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Reblogged from thartist72  663 notes

Oh yeah, that was the biggest joke of all. I think that there is a general pattern of “white-ifying” everything. Just because they make Heimdall black in the Thor movies doesn’t really make a counterargument. In fact, the amount of what they call “racebending” that goes on in Hollywood is extraordinary. I mean, I have sat down with agents who will tell me straight up, “Listen, you write about Dominicans in New Jersey. We can make an indie film about this, but nobody in Hollywood wants to see anything but white leads.” And so when I heard that they wanted to cast all white characters in Akira, it just really shows you how little the dream factory of our popular culture has caught up with the diverse reality of our present. I mean, the nation in which we live — and the world in which we live — is so extraordinarily more like a future than the futures that we’re being sold on the screen and on television.

By

 Junot Díaz

 

(via thartist72)

Modern Hollywood and the Ancient East

The 1001 Arabian Nights. The Biblical flood and the family that repopulated the world. The Jewish exodus out of Ancient Egypt. The story of Jesus of Nazareth. The Ancient Egyptian gods Horus, Ra, and Set…

These movie concepts, in development for 2014 and 2015 releases, are based on stories and histories from the Eurocentric concept of the “East” that have captured the Eurocentric imagination. They’re also rare acting opportunities for actors of color that continue to be cast with white actors.

Liam Hemmsworth and Anthony Hopkinswill star as leads in the Arabian Nights.  Russell Crowe stars as the patriarch of the Earth-repopulating family of Noahin what the film claims is a “close adaptation of the Biblical story of Noah’s Ark.” Portuguese actor Diogo Morgado portrays the role of Jesus inSon of God. White Brit Christian Bale plays Moses and white Australian Joel Edgerton plays Ramses II in Exodus. White Scottish, Danish, and Australian actors top the cast of Gods of Egypt portraying Set, Horus, and Ra.

North African, Near Eastern, Middle Eastern, South Asian–they’re already arbitrary cultural classifications. Depending on Hollywood’s purposes, these characters, cultures, and stories are either made white or racialized as a swath of brown…

Read the full article at Racebending.com

Reblogged from ninjaruski  316 notes

    ninjaruski:

    I am pleased with the aesthetic that Michael Bay has generated for his adaptation of the Turtles, especially the subtly more monstrous depiction of the Turtles themselves which, to me, calls forth images of the Kappa and some of the darker covers to the TMNT trade paperbacks.

    However, I am completely displeased with Bay’s casting of William Fitchner as Oroku Saki (the Shredder). There are several Asian and Asian-American actors who could have portrayed Oroku Saki, preserving his East-Asian heritage and remaining faithful to the original material.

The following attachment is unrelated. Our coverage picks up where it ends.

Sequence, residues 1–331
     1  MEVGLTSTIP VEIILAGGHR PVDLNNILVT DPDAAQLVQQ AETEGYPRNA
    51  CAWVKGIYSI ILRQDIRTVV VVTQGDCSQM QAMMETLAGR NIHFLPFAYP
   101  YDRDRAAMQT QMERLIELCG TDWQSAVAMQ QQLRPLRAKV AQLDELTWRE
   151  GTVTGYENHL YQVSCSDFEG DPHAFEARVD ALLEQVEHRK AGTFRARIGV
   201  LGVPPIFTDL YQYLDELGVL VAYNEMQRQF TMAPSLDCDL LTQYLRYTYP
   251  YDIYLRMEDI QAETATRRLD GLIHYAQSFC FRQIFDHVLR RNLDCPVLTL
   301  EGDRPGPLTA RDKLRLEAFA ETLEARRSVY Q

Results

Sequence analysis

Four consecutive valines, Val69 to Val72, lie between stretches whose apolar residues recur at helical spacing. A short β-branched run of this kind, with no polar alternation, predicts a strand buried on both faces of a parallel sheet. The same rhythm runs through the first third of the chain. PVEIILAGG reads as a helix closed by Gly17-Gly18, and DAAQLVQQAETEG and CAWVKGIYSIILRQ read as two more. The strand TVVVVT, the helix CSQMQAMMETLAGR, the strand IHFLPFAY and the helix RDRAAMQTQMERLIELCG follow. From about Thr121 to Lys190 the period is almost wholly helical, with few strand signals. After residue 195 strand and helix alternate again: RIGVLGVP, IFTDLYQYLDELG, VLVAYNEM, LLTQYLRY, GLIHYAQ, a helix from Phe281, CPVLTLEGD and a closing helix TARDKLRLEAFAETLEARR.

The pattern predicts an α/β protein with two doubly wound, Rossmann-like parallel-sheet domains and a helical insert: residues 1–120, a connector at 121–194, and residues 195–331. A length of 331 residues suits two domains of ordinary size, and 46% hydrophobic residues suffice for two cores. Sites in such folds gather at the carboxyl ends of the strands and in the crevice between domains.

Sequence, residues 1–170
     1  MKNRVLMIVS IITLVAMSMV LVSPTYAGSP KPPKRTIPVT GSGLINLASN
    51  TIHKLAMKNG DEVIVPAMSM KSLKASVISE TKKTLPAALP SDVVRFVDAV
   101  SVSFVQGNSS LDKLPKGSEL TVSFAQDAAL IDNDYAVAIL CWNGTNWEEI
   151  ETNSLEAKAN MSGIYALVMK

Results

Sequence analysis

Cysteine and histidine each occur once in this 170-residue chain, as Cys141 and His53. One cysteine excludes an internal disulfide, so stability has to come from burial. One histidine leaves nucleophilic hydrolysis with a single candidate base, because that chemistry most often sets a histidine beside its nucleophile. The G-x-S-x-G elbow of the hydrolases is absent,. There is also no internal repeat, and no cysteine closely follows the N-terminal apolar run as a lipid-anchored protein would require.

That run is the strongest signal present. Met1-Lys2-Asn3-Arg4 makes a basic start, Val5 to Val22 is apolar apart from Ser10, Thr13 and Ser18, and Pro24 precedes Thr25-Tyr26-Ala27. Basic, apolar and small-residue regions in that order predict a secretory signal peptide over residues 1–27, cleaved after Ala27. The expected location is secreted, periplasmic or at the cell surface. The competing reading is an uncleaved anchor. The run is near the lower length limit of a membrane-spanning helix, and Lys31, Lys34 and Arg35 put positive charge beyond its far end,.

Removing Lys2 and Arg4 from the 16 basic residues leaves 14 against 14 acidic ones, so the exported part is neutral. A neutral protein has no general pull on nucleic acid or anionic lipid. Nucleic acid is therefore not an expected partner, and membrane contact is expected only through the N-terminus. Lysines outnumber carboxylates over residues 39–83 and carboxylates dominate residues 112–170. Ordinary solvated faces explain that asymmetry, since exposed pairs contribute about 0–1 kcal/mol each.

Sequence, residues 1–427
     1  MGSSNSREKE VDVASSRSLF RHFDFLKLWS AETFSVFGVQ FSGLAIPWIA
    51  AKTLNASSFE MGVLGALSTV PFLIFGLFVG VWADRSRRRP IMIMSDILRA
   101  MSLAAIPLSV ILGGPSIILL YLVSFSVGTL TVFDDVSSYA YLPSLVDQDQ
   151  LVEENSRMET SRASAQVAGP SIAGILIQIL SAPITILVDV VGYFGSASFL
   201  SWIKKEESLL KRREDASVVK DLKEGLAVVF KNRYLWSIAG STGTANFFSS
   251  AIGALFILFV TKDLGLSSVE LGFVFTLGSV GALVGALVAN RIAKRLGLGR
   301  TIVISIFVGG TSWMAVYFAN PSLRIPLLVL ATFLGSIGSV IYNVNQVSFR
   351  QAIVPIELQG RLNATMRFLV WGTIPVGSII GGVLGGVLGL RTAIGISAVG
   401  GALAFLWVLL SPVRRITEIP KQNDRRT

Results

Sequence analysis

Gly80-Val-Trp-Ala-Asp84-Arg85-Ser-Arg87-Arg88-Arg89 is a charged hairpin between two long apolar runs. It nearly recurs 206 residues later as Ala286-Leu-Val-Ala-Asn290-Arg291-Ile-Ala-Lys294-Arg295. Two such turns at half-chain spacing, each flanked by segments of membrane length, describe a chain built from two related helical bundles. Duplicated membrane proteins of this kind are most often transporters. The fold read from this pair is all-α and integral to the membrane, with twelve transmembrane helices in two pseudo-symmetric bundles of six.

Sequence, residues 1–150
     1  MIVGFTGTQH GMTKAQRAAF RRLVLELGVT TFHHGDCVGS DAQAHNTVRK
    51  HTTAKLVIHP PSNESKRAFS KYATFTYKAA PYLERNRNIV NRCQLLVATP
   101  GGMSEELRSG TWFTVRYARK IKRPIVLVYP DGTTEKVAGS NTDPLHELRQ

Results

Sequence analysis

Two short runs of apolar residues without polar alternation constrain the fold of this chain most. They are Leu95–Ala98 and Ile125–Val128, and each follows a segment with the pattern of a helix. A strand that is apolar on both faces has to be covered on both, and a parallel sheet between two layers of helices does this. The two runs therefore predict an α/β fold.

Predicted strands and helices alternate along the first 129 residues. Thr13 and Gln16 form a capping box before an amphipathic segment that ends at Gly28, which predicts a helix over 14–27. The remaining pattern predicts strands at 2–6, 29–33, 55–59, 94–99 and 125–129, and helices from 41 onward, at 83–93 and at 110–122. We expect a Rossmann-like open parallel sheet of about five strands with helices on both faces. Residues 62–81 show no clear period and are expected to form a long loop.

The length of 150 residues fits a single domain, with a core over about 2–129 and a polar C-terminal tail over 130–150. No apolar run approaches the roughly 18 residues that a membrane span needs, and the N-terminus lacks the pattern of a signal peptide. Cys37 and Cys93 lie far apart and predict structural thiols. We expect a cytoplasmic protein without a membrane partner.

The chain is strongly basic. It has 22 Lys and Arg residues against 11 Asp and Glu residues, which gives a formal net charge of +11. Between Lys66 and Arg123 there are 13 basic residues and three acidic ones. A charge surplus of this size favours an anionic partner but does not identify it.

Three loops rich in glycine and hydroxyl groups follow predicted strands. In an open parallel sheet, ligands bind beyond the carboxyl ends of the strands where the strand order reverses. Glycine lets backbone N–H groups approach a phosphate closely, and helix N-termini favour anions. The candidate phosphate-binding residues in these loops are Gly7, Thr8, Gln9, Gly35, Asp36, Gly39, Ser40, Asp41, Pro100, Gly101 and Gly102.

If I’m going to be super-critical of this, casting Fitchner as Oroku Saki is all but popularizing cultural appropriation. It does not matter how Fitchner’s Shredder acquires the skills and knowledge to become Shredder and put together the Foot Clan; so long as he is actively co-opting the cultural traditions that surround the Ninja and excising them from their cultural context for his own benefit, Fitchner’s character is cultural appropriation writ large.

    Against Fitchner, my first choice would be Brian Tee, given the ways in which he has channeled some serious malevolence in Ninja Assassin and other films where he is cast as an antagonist. To me, he seems to “fit” the way that Shredder has been portrayed and the new vibe that Bay is setting up. Other choices that I would approve of would be Hiroyuki Sanada (who has the martial arts chops to carry the role), Tadanobu Asano, and Ken Watanabe.

    It should be noted that all of my choices for the role are men who have some Japanese ancestry (or are Japanese themselves) and understand the cultural implications of Oroku Saki, the Foot, and the possible motivations of the character as rooted in a cultural context beyond the film. As members of Japanese culture, these actors could call upon their cultural resources, to understand the feeling that the character should have, as opposed to merely cloaking themselves in the trappings of the culture. There would be a greater depth to Tee, or Watanabe, or Sanada’s Oroku Saki that Fitchner would be unable to capture.

    Unfortunately, as it seems, whitewashing seems to prevail over authenticity, even when it is something as beloved as TMNT. Then again, given what happened with The Hunger Games and Star Trek: Into Darkness, I should not have expected Hollywood to remain faithful to the material in casting an Asian or Asian-American actor for the role.

Reblogged from allerasphinx  25,091 notes

allerasphinx:

jannadreams:

But I wonder if they weren’t looking for a Native American actor because Tiger Lily is such a stereotypical character that they didn’t want to insult people by having a Native American play her.  This way if she’s white, they can say she is a fantasy of an Indian from old time children’s imaginations.

The way that you fix a stereotype isn’t by erasing representation of marginalised people altogether and replacing them with white people. You make the effort to fix the stereotype by creating an accurate representation of an indigenous plains native (it’s really not that difficult), not insult people even further by taking away a role from a native person. How is erasure a solution? Clearly people are just as offended by this practice.

Not to mention, you’re still suggesting redface stereotypes as a solution to the stereotype? Does that make sense to you?

    Anonymous asked
    Except Benedict Cumberbatch was fourth or fifth on the list of people to play Khan and the only reason he was asked to take the role was because they were literally running out of people. He was very hesitant to take the role.

    Answer:

    disneyvillainsforjustice:

    I’m not very invested on the subject on Cumberbatch’s casting as Khan, so I’ll let y’all do the talking. :)

    ~Cruella

    Yes, an intense casting search that stopped at the fourth or fifth candidate.

Reblogged from thisfeliciaday  13,977 notes

"Tiger Lily Doesn’t Equal Human Torch" plus a very long rant

thisfeliciaday:

The other day I posted this tweet: